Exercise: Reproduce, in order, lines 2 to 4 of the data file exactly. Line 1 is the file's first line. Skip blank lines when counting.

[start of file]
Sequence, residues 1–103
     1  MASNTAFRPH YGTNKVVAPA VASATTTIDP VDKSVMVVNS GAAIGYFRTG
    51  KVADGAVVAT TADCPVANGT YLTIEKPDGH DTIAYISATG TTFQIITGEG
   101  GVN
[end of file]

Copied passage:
     1  MASNTAFRPH YGTNKVVAPA VASATTTIDP VDKSVMVVNS GAAIGYFRTG
    51  KVADGAVVAT TADCPVANGT YLTIEKPDGH DTIAYISATG TTFQIITGEG
   101  GVN